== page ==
~Butoh at the Joyce - I've never been very interested in dance performances, but when a friend invited me to see the Japanese Butoh dancers Sankai Juku perform their 2008 piece, Tobari As if in an inexhaustible flux, at the Joyce Theater last week, I figured "What the hey? Why not?", and I'm so glad I did. Performed by a troupe of eight, bald, male dancers whose bodies are entirely powdered in white (sometimes resembling marble sculptures, sometimes resembling ghosts, and sometimes stupidly reminding me of that movie Powder), the performance was beautiful, emotional, and powerful. Everything from the graceful and controlled movements (which often released snowy wafts of powder), the gorgeous costumes, the dramatic lighting, and the music (which reminded me of a low-fi version of The Knife), was perfect and merged to create a poetic and hypnotic experience. I know this description won't do it justice at all, but it's like a mixture of modern dance (minus the jazz hands), kabuki, tai chi, and slow-motion kung fu, mime, and vogue poses. I know that sounds down-right awful, but the choreography is complex, fluid, and disciplined, and the overall production, that explores life, death, and rebirth, was elegant, evocative, and haunting - almost moving me to tears a few times.
Founded in 1975 by lead dancer, director, choreographer and designer, Ushio Amagatsu, Sankai Juku introduces a new work approximately every two years (!) and has performed in 41 countries and over 700 cities around the world. According to the Playbill, Amagatsu's works present "an abstract vision of the infinite, evolutionary movements, the relationship of the body to gravity, and the relationship of gravity to the earth and the environment." Butoh emerged in Japan after WWII and is attributed to two dancers - Tatsumi Hijikata and Kazuo Ohno (who died June 1, 2010 at the age of 103 and is featured on the cover of Antony and the Johnson's 2009 album The Crying Light). Whether you're a fan of dance performance or not, go see Tobari performed by Sankai Juku before it ends October 17th. Learn more at Joyce.org.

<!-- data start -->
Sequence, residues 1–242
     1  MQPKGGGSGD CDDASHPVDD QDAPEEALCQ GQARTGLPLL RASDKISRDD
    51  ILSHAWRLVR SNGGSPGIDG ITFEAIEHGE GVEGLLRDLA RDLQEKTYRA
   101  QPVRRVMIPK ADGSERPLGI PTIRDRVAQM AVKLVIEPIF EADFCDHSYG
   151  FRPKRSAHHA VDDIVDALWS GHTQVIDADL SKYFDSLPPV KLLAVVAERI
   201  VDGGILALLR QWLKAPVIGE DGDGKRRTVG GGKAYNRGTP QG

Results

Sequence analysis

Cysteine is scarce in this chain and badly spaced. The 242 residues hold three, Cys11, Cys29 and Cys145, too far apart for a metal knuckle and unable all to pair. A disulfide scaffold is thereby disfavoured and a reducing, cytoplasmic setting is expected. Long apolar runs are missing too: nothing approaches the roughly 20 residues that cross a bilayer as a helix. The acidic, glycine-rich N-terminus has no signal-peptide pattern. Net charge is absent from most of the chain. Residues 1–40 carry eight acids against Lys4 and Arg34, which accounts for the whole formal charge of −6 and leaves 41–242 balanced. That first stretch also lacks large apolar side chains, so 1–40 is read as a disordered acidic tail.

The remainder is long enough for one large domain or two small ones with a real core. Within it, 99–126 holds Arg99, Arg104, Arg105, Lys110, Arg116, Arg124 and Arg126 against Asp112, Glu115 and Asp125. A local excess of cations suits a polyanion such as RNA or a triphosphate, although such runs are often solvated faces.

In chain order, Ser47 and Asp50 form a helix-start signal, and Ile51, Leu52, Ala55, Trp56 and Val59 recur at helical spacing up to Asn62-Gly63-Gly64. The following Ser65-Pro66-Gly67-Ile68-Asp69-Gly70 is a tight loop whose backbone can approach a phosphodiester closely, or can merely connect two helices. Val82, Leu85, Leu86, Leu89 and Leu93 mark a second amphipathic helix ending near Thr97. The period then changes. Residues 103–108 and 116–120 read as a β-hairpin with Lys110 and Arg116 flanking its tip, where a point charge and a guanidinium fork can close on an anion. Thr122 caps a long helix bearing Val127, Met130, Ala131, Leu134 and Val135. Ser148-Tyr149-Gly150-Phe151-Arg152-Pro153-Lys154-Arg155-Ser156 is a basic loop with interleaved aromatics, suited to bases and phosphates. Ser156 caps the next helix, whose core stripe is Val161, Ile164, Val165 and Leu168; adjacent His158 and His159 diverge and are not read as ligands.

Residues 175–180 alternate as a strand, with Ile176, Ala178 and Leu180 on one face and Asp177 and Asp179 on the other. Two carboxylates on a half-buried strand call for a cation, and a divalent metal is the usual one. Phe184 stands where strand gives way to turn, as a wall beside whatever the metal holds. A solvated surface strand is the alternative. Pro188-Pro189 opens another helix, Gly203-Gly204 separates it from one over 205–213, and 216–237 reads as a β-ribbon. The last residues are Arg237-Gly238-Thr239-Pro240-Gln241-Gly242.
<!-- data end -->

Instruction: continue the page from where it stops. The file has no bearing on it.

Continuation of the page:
~Levi's Photo Workshop pop-up - Levi's just opened up in Soho a Photo Workshop - a "community-oriented space" that will host photo exhibits, classes, events and parties. Open through December 18th, the space has a small shop area selling books, jeans, and jackets and more importantly has a fully equipped photo studio available for rent, vintage cameras available for rent, and rows of Macs and assorted printers for visitors to use free of charge! Check it out at 18 Wooster Street and learn more at workshops.levi.com.
~The Simpsons Meet Banksy - I've gotten into the habit of only half-watching The Simpsons since the last few seasons haven't been as good as they used to be (though it's still a heck of a lot better than most anything else on television), so when I glanced up mid-way through last night's couch gag showing a dank and miserable Chinese sweatshop producing cheap Simpsons merchandise I thought, "Huh?" Then when I noticed during the end credits that Banksy created the politically-scathing sequence it all made sense. Had I seen his name tagged throughout Springfield during the opening sequence I would have saved myself some confusion. This airing is very apropos to further irking China alongside Liu Xiaobo's recent Nobel Peace Prize win. Anyhoo, you can see the show's opening below.